Using firearm relics during turkey season is a blast from the past, but take caution when using newer ammunition.
He only gobbled once but it was more than I had heard all morning. I had a hunch he was there but until now he was quiet. I had nowhere to be, and I decided I was going to take the subtle approach. After a few soft clucks and a short series of low yelps on the trumpet, I saw him making his way through the thick bottom where he was spending most of his days. I was focused on his white head weaving through the palmettos looking for me. Looking down the barrel of my old double gun was like looking down the hood of a ‘70s Buick and as I settled the bead at 15 yards, I closed the deal on another old South Carolina low country gobbler.
It wasn’t the amount of gobbling or the length of the beard or spurs that made this hunt special. Instead, it was the handmade call and 100-year-old gun I used that made it memorable. This gun was new to me, but the stories it could tell could only be known through the scratches and nicks in the stock and faint blueing left on the barrels. No doubt this old 16-gauge fox had been putting food on the table for a long time.
As a turkey hunting history buff, I have come to enjoy the simplicity of old school. Not that I have anything against the latest and greatest equipment; I have hunted with tricked out turkey guns dressed with red dot sights, choke tubes and Tungsten Super Shot. I love technology, but taking a gun with a rich history or even long family ties adds a whole other element to my hunts. My grandfather didn’t have turkeys to hunt where he grew up in his part of Louisiana, but taking his old Winchester Model 12 that he used for ducks and squirrels and killing a turkey with it or watching my son use it adds a special connection to the past.
Taking old guns afield does take a little more prep, and I spend a lot of time before the season making sure everything is right. The first thing anyone should do before using an old gun is take it to a good gunsmith and make sure it is safe to shoot. Years of use and sometimes abuse of a gun used for generations to feed the family can take its toll. Using the proper ammunition is one of the most important aspects of taking these guns to the field. Early engineering did not design gun barrels for steel shot or TSS. Being much harder than lead, TSS could possibly scratch the inside of barrels or bulge a tightly choked old barrel. While bismuth is a safe alternative for waterfowl, it is not as dense as lead and does not have the energy that equal shot sizes of lead carry for turkeys. Lead or copper-plated lead is probably the best alternative.
Another factor to consider is chamber pressure. Most older guns were not designed for today’s high pressure loads, especially if the gun may have Damascus barrels. Depending on the gun’s age and condition, it may be capable of shooting heavier loads with modern nitro powder, but do your research or have an expert inspect the firearm. Even if the barrel(s) can take it, 100-year-old wood could easily crack with the increased recoil. Heavy loads above 1¼ ounce often travel at speeds that increase pressure and recoil. Luckily, you don’t have to have high-powered shells for turkeys. Even though 3-inch and even 3.5-inch shells are all the rage, people have been harvesting critters with 2¾- and even 2½-inch shells for a long time.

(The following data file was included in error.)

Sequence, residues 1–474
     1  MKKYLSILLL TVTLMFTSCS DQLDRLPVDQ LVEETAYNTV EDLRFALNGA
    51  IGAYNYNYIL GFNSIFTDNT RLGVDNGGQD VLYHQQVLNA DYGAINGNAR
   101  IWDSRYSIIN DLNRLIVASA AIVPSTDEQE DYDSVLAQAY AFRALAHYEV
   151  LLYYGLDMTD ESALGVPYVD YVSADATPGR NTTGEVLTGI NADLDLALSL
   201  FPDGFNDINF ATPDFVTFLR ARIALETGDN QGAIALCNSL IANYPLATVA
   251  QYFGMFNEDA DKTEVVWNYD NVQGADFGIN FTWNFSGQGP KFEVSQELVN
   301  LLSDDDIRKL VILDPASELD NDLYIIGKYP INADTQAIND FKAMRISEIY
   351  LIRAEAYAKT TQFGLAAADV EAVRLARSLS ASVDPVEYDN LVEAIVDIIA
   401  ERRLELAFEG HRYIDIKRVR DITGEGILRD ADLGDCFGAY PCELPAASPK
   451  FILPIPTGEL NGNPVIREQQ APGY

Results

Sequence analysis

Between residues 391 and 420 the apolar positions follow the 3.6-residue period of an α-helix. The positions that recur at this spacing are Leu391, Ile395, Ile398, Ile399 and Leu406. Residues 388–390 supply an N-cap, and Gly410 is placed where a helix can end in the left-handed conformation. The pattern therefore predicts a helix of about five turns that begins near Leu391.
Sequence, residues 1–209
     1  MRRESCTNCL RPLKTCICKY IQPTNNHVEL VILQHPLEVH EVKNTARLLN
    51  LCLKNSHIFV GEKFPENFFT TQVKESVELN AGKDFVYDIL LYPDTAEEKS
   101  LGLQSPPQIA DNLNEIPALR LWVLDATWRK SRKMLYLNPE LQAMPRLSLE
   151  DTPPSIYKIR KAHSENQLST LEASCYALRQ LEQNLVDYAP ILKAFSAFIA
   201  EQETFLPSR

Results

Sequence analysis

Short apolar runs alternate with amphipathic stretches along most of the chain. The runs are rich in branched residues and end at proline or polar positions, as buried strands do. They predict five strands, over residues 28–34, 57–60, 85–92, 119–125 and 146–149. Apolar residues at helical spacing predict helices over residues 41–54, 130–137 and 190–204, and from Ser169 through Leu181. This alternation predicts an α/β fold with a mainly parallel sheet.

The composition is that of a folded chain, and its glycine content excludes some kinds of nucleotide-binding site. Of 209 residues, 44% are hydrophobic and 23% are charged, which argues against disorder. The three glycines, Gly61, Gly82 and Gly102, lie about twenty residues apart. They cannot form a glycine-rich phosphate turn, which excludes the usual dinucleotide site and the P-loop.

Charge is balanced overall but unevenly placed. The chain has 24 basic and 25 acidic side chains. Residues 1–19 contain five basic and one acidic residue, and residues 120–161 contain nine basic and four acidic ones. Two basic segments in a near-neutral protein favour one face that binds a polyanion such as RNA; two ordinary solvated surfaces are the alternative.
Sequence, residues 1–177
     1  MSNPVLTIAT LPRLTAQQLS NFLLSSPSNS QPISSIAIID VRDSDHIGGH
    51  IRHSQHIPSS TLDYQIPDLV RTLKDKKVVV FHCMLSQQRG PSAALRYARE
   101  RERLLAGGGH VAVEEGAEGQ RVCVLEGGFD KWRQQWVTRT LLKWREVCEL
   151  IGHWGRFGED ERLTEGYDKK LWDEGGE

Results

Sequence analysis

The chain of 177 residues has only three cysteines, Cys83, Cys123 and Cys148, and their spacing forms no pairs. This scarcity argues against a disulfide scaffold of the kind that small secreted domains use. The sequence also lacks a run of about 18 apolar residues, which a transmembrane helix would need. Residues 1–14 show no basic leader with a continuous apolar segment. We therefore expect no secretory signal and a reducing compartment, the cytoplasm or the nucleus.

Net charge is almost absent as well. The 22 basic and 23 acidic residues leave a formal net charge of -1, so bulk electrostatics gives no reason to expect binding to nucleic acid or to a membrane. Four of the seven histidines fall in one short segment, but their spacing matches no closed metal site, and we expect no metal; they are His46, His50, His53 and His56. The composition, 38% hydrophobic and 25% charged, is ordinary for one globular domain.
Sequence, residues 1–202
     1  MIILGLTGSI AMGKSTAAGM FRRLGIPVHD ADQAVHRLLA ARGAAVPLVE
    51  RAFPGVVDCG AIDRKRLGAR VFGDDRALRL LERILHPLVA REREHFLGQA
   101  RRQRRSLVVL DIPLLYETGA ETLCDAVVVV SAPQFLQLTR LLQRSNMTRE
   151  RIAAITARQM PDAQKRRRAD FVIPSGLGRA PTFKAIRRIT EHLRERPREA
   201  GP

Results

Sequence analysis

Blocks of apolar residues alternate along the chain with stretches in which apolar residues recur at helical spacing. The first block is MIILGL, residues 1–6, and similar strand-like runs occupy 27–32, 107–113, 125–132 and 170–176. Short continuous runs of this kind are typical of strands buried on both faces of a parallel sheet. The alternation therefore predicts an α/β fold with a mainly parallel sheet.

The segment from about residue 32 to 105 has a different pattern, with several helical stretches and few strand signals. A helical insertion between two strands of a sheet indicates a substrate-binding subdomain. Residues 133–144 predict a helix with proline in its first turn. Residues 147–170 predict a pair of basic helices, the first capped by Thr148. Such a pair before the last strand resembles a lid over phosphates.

(A Winchester Model 12, 16-gauge (bottom) and Parker VH 12-gauge side-by-side made in 1910.)
Chambers and Chokes
One thing important to check is chamber length. Some older guns were made with 2½-inch chambers. A few over the years may have been lengthened to accept 2¾- inch shells.
The shell may fit, but putting a shell that is too long can increase pressure and make it unsafe or damage a family heirloom. A good gunsmith can identify your chamber length, particularly if it isn’t stamped on the barrel. They can even lengthen the chamber(s) if it is determined to be safe. Another option is to find a shell manufacturer like RST that makes low pressure 2½-inch shells.
As with any gun, I spend a lot of time at the pattern board to find out what shell and load combo works best. Loads of 1 1/8 ounce of Nos. 4s, 5s or 6s are all good choices, and a little testing can show which patterns best in each gun. Be realistic in your expectations, as a lot of these guns may need to be kept inside of 30 yards. But that is part of the challenge and enjoyment of using them. One advantage I have found as far as old doubles go is that they may have two triggers that give you instant choke selection. If a bird slips in close, I can get on the other trigger instantly if one barrel is more open than the other. You can even put different shells in each barrel. Henry Davis wrote about this in his book The American Wild Turkey. He used 4s in his left barrel and 6s in his right barrel.
He felt the larger pellet size gave him more energy at longer distance. It is also important to note on old doubles that each barrel may shoot a little differently as far as point of impact, so trying different shells with each barrel can help fine tune your pattern.
With turkey numbers down is some regions and bag limits reduced, taking an old gun can really add to the memories this season. With a little homework and precaution, getting Grandpa’s gun out for an old-school hunt may just be the highlight of your season.